As radical jihadists slowly and systematically lose control of Iraq and conditions improve in Somalia, it’s clear where they’re fleeing to: the deserts of Africa.
From eastern and northern Mali to western Niger radical jihadism is on the rise. This is the very southern fringe of the great Sahara. The dynamic is accelerated by Nigeria’s successful campaign against jihadists, both militarily and diplomatically.
Why now, and why the desert?
Radical jihadism reached its peak with the ISIS expansion in the Levant around 2013-2014 marked by their supreme victory over Mosul in June, 2014. They ruled Iraq’s second largest city pretty much unhassled for a year. Then, NATO and the U.S. – and finally with the coordination of the Kurds, Sunni militias and the Iraqi army – began taking territory back.
It’s been downhill ever since, all the way down to the desert.
The scenario is nearly identical to what happened to al-Qaeda. Routed from Afghanistan and impeded from any greater toehold in Pakistan by the great Bush Wars, Al-Qaeda ran to a welcoming place pretty near by: Somalia.
Somalia was ripe about a decade ago for control, having been abandoned by the international community and more or less pieced together by feuding warlords. And the great world recession made al-Qaeda’s tiptoe into Somalia even less noticed.
By the end of the Bush administration al-Qaeda was firmly in control of al-Shabaab, and al-Shabaab was firmly in control of Somalia.
Somalia then – like eastern Mali, western Niger and northern Nigeria, today – is a pretty forsaken place even in the best of times. Mostly desert, climate change has wrecked havoc on a place already forlorn.
The desertification of much of Africa has been going on for a century, and just as emerging African nations and global initiatives started to get a handle on what to do, climate change accelerated faster than any predicted. People who live there are stressed more than ever, and more than ever predicted.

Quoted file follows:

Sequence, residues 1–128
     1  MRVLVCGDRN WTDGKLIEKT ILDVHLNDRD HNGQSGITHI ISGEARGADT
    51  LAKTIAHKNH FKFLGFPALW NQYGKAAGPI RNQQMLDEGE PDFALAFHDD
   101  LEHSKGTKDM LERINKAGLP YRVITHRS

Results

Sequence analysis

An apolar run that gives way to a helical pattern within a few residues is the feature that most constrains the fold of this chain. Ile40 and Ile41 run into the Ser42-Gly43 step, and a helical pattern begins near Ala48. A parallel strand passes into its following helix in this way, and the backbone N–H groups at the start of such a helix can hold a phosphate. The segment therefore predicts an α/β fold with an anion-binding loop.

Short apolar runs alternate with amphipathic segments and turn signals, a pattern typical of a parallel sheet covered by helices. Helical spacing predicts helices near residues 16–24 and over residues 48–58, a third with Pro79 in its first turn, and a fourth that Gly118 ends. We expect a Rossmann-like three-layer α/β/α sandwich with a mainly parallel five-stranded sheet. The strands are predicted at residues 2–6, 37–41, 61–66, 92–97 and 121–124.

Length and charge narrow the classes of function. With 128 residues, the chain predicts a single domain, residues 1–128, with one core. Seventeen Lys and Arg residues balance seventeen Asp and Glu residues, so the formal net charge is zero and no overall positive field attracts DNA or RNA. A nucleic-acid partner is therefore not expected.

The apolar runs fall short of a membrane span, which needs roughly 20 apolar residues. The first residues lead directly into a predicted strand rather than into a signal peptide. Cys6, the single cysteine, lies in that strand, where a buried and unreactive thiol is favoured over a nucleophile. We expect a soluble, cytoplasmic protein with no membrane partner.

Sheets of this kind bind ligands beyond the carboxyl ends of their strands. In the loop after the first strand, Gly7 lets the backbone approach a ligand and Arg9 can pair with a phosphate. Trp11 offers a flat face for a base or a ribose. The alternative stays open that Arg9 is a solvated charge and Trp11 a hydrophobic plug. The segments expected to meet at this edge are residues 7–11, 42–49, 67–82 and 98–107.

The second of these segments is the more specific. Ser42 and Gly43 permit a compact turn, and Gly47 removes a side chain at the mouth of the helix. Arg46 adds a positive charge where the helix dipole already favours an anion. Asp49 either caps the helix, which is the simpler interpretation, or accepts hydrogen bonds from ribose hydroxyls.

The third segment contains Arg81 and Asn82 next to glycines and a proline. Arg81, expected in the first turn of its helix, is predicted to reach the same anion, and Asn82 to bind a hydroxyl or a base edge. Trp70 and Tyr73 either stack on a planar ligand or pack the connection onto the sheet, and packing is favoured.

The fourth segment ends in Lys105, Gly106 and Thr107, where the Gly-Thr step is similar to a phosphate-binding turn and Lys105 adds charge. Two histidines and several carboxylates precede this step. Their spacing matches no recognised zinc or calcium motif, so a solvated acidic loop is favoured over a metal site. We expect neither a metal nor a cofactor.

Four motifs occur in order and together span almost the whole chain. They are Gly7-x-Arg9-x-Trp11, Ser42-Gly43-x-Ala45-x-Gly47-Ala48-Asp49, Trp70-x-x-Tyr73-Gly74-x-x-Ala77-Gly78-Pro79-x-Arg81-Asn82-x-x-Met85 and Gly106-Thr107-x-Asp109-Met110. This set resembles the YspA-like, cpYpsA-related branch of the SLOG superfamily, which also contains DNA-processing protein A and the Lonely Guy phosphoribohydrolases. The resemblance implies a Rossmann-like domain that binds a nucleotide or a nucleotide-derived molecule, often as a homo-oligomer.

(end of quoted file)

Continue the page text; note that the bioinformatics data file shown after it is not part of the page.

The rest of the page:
Desert peoples have always been rebels: they have to be. Sand thieves and caravan attack gangs have existed since Biblical times. Their real allegiances go not much further than the county-size warlords that ruled Somali for nearly two decades, essentially extended family units.
They are easily persuaded by goods, arms and money to do anything. There’s absolutely nothing new about this. Where the desert meets the sea they become pirates. The infamous pirates of Somalia were no different in cause of persuasion than the Barbary pirates that provoked America’s first foreign aggression.
You would think, of course, that developing society would figure ways to integrate these hooligans into civilized society, and as matter of fact we had. The end of the last century was splendid with successful attempts to integrate the Tuaregs of Mali, the Polisario of the Spanish Sahara, the Fulani-Hausa of northeastern Nigeria (that later become Boko Haram), among others.
But it all unraveled starting with the Gulf Wars that provoked 9/11 and then America’s over-reaction to 9/11 and then the Bush Wars, and then the crowning blow, the Great World Recession. Throw in really accelerating climate change and you’ve got an incredible mess.
And don’t forget: You can’t expect to prop up a few dictatorial Arab families as absolute potentates and trust them with control of the world’s main power source (oil) without irritating a few educated Arab outsiders who among other jihadists became al-Qaeda.
So we made a major mistake last century creating and supporting the Mideast as it exists today. No standing army could defeat this civilized fabrication. So jihadism became the vehicle of dissent and terrorism their principal weapon.
Well, for better or worse, the tide is turning. It’s better for the short haul, but I worry about the long haul. Terrorism actually kills but a fraction, a tiny tiny fraction of the people that a war does, and as the world comes to understand this, terrorism loses some of its oomph.
But the Arab potentates are still potent and they remain in power for no other reason than because the consumers of their precious oil keep them there. So as the world uses less and less oil the exiled jihadists lost today in Africa’s great deserts are certain to return.